Upon leaving the apartment building, I only made it 15 feet over to the neighboring awning. A man was getting out of his cab, a 44-year-old Russian man (or a 42-year-old Yugoslavian man, depending on the storyteller), a man who may or may not have been subletting the apartment where my accident took place. I was wearing sunglasses. He approached me to discuss my sunglasses (or I approached him to discuss my sunglasses). Or I asked to use the bathroom. We go upstairs to his apartment. I use his bathroom, or we kiss on his couch. I excuse myself to the bathroom. This man hears some noise. He knocks on the door. He contacts the super of the building. The super and this man go into the bathroom. They find that I have thrown myself out of his five-story bathroom window. Or he could have thrown me out the window.
A resident of the building claims that at the time of the accident the super informed them that I was thrown out of the window. Another resident of the building claims that the super recently told them I threw myself out the window.
Here’s what I know: I was far from suicidal at this moment in my life. As I said, I had just started to identify as a gay man and was exploring New York City after leaving the only town I had ever known. The last thing I wanted to do this night was die.
This man calls the police. EMTs retrieve me from the ventilation shaft. They bring me to St. Vincent’s Hospital. The police question Rae, Sean, Sean’s father, the girls we met on the train into Manhattan and apparently this man. The police report summarizes the incident in a statement given from this man. My name is on the report. The police and detective assigned to this case are named on the report. Yet the man’s name is not on the report.
On the night of the accident, my parents receive that horrible phone call in the middle of the night. My mom, father, brother and grandmother drive into Manhattan.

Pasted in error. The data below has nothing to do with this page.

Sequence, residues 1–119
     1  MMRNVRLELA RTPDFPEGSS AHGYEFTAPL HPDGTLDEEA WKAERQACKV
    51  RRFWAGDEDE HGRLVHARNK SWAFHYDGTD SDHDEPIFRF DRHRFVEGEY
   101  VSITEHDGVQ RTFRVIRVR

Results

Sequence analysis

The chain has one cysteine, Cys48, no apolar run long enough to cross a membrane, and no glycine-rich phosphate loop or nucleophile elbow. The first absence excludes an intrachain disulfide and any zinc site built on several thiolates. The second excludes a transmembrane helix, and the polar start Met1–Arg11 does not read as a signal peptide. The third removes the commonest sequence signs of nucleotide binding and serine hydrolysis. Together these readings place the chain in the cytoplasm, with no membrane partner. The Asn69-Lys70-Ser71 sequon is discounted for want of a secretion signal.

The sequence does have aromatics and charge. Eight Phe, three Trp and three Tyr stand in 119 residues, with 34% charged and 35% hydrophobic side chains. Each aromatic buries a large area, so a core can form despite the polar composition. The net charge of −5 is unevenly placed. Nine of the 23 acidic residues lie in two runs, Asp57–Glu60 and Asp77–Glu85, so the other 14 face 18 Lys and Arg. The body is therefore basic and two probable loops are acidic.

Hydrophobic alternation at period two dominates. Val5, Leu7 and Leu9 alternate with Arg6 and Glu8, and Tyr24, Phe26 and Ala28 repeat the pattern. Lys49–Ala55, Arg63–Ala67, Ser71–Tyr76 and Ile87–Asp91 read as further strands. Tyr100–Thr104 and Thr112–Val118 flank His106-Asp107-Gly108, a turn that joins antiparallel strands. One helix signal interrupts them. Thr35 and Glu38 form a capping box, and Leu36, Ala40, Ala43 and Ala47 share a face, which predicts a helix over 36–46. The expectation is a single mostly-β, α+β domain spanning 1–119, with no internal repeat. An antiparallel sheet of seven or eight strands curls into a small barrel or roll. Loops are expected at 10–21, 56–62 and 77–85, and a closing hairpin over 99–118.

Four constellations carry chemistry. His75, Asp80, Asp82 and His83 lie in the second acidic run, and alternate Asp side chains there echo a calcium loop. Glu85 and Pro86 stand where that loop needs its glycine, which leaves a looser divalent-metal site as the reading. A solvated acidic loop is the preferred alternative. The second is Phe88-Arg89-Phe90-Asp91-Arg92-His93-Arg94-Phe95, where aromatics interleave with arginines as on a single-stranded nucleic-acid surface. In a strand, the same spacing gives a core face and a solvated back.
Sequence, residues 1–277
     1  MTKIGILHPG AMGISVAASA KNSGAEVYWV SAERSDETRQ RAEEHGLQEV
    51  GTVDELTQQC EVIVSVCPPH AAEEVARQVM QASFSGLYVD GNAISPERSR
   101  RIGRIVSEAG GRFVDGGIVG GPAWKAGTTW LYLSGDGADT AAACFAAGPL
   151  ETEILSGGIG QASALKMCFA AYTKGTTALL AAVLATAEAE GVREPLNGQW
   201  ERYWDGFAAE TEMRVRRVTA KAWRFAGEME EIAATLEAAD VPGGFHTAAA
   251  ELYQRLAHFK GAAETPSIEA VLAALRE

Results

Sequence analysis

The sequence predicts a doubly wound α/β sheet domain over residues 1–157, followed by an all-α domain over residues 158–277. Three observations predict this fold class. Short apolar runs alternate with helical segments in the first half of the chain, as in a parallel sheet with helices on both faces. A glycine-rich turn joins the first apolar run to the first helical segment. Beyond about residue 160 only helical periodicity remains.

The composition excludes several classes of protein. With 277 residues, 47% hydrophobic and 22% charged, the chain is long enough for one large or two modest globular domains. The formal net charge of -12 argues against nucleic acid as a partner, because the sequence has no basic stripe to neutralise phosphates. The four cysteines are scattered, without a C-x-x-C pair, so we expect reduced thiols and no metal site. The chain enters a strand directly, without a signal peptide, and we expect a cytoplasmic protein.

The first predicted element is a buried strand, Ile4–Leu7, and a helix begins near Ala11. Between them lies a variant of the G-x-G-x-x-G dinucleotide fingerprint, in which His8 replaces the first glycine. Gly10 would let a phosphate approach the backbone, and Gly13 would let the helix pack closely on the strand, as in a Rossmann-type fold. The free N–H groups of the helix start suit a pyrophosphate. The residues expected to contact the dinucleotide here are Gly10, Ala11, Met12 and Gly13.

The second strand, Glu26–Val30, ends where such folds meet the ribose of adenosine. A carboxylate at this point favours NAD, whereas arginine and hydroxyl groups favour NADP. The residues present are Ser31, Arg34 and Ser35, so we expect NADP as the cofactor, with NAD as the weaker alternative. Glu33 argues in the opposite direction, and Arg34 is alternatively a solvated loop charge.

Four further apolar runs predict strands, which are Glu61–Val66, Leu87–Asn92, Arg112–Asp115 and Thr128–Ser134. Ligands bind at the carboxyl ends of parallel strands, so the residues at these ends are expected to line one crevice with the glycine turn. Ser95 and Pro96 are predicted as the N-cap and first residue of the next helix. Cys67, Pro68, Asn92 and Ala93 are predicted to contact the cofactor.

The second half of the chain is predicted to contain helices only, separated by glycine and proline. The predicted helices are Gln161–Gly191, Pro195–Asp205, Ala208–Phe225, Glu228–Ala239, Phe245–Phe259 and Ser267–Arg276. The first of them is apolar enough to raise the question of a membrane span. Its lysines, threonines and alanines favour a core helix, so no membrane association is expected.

The police tell my family what happened. My brother shows the police a business card of an established lawyer based in Manhattan. The police tell my brother and father, “It’s better if you leave this alone.” The police mutter the words mafia to my father. My mother says, “People don’t just crawl out five-story windows.” The police tell my mother, “This is what happens to young men in Chelsea who go off and find themselves.”
Recently, I received a formal denial in response to a F.O.I.A. request I filed in August to gather any NYPD documentation or information regarding my accident. I spoke with a lawyer and have filed an appeal to gather more information. It has been over two months since I filed the appeal and the police recently informed me that I should receive any documents (if they exist) by the end of the month.
I have accepted that fact that I may never know what happened to me that night.
But this is my story. This is what I know.
The way my accident was treated by the police -- and even today when I describe this situation to (some) people -- there is a certain suspicion that maybe I deserved what happened to me that night. As an intoxicated, gay youth, this is what I had coming. Being considered a nonperson: this is what I had coming.
Since the accident, the trajectory my life has taken has truly been beautiful, beyond anything I would have anticipated. While I was recovering, I lived in my small-town nursing home with my grandfather, my great aunt and my other new comrades (Oakie, Buzzy and Emma). They have all now passed, but we shared some of the most delicate moments of our lives together.
The community I am from came together to support me and my family. Even the local ambulance journeyed into Manhattan to bring me to the nursing home. I returned to my studies a year later, where people I had only known for two months embraced me and still remain in my life today. I studied in Rome and watched my mother tear up at the Spanish Steps. I shared five years of my life with someone who will always hold a place in my heart. I am once again able to do yoga and cartwheels and handstands and dance.
I am writing this in part in an attempt to surface some new information on what happened to me. I also am writing this to shine some light on how the NYPD chose to handle this situation.
And lastly; I am writing this to tell my story. When I first attempted to gather information from the police in 2007, I was told that since I could not remember anything, I did not have a voice.
But here it is.
And if you find yourself in a position where your voice is being silenced, for whatever reason, speak up.
Because you have a voice.
* Some of the names in this story, other than the writer’s, have been changed to protect their anonymity.
If you have information about Ryan Casey’s accident, or know someone who might, please contact the newspaper at 212-868-0190 and we will pass it on to him.